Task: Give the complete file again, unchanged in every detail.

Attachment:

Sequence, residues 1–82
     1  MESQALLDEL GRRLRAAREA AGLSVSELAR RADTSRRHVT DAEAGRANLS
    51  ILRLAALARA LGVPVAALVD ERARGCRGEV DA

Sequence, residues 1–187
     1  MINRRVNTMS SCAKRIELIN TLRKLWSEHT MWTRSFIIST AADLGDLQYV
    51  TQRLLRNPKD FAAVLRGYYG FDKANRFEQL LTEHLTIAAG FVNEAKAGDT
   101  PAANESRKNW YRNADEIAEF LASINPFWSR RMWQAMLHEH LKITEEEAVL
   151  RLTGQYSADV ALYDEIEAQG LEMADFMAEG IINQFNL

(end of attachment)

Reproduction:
Sequence, residues 1–82
     1  MESQALLDEL GRRLRAAREA AGLSVSELAR RADTSRRHVT DAEAGRANLS
    51  ILRLAALARA LGVPVAALVD ERARGCRGEV DA

Sequence, residues 1–187
     1  MINRRVNTMS SCAKRIELIN TLRKLWSEHT MWTRSFIIST AADLGDLQYV
    51  TQRLLRNPKD FAAVLRGYYG FDKANRFEQL LTEHLTIAAG FVNEAKAGDT
   101  PAANESRKNW YRNADEIAEF LASINPFWSR RMWQAMLHEH LKITEEEAVL
   151  RLTGQYSADV ALYDEIEAQG LEMADFMAEG IINQFNL